The real person and the fake person team up again in season three’s soundtrack for a performance of Billy Joel’s “Honesty,” which didn’t even happen in the show.
In season three, episode seven, Kendall Roy decides to throw a “nut-nut” party to celebrate his fortieth birthday, with the planned highlight being a performance of “Honesty” for a room that includes high-rollers like “Elon” and “Jeff.” We viewers see his dress rehearsal and how a satisfied Kendall cuts it short without ever running through the whole thing.
So what is this full performance that appears on the season three soundtrack? Is this meant to be canon? Did fictional Nicholas Britell meet up with Kendall Roy in his universe to record this? Or is this from our universe? Did Kendall visit us via the famously in-character Jeremy Strong? What is going on?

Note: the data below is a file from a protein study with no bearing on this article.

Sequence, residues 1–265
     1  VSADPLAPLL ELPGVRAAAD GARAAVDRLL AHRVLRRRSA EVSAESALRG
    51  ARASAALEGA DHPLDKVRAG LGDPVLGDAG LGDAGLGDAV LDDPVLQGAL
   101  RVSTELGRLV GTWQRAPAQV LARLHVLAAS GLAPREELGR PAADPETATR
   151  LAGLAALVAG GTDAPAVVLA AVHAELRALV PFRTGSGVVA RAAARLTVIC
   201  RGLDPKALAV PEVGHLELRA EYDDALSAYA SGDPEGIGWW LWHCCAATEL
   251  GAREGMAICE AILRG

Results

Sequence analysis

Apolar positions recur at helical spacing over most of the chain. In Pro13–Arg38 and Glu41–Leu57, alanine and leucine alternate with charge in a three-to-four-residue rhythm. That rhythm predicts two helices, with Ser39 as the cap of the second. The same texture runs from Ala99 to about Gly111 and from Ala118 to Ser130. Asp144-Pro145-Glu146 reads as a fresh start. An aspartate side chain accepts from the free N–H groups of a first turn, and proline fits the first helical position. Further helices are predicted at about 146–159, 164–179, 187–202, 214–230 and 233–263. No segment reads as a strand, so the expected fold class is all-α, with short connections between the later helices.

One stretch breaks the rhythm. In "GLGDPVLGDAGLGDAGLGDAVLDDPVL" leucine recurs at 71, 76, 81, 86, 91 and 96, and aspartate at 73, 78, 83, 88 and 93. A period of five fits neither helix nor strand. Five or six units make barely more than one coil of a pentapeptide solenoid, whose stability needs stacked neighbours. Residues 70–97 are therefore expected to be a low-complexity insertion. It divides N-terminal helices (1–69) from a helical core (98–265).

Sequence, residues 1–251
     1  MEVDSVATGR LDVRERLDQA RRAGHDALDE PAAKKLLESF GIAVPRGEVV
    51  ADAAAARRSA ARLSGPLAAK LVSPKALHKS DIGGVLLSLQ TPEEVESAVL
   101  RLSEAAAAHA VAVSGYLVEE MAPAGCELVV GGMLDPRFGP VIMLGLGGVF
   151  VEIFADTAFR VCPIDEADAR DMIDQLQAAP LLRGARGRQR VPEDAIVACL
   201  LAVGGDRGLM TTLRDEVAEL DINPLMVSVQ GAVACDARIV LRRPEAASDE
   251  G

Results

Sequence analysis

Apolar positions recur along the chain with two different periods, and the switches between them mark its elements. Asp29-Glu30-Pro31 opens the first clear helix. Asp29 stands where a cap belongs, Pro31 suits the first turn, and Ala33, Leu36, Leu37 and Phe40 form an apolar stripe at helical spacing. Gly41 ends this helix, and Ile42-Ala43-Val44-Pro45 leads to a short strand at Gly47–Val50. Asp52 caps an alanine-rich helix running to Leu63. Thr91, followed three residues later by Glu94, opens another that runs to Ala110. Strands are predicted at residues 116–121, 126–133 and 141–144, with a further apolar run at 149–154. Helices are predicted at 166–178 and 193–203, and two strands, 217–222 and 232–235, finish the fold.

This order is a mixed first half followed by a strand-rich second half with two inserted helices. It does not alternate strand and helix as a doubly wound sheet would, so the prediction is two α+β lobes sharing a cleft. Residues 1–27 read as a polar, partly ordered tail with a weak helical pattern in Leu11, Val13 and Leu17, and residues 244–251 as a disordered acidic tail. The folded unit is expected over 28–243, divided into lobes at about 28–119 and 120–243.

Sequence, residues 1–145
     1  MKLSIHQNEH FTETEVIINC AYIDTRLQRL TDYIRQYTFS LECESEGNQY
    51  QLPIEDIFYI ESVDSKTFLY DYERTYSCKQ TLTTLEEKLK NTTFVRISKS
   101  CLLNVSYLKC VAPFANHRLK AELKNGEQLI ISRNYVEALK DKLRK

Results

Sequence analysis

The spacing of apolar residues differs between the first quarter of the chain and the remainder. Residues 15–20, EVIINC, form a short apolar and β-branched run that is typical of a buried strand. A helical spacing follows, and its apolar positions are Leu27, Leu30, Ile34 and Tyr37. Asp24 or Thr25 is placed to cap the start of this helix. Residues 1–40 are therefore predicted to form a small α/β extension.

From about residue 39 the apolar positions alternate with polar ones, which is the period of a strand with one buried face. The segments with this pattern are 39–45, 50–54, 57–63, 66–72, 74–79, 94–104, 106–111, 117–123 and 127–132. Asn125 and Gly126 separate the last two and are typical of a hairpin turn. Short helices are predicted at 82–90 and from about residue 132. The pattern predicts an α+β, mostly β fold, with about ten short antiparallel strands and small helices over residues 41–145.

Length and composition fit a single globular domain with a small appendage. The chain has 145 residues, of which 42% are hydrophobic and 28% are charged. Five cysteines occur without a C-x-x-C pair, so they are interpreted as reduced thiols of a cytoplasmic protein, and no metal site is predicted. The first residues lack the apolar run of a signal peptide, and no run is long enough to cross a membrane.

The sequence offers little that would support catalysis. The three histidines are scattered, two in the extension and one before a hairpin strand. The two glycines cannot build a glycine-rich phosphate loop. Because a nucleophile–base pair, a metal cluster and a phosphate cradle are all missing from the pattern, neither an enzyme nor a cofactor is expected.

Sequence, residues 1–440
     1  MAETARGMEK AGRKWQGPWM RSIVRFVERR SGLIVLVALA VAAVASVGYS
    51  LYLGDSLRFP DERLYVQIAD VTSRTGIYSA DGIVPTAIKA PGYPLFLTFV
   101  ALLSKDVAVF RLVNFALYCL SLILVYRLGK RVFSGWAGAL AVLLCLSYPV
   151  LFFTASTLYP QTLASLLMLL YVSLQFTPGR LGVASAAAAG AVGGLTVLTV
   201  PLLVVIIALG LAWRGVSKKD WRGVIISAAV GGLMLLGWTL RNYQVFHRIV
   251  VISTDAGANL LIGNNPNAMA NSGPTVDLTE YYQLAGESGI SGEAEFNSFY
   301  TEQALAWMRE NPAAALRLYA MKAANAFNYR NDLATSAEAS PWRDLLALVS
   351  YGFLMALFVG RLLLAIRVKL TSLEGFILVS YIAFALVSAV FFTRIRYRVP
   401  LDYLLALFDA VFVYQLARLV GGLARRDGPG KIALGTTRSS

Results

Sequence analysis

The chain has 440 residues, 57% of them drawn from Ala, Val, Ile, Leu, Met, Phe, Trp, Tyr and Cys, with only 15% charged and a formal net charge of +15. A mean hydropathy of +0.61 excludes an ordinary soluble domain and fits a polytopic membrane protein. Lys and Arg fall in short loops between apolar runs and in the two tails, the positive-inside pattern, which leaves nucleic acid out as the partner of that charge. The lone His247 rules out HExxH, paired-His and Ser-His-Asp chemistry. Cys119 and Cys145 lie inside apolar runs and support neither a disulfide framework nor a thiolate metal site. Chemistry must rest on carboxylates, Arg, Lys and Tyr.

And if this performance is meant to have occurred in the universe of the show, when exactly did it happen? The performance never happened at the party proper, and the rehearsal to the party didn’t have a full run-through, either. So presumably, the Succession universe’s Britell met up with his college acquaintance to run through this song to make the recording that appears on Spotify. But when? Where? Why? There’s a whole story you could come up with filling in the gaps of what we as viewers don’t and can’t know about this unseen implied composer figure, who is constantly slipping in and out of Kendall’s story.
Of course, the alternative is that Kendall Roy really does exist in our world…not that someone named Nicholas Britell popped up in his.
Do I think the creators deliberately wove a phantom fictional Nicholas Britell into the show? Lol, no, of course not. This is just a game.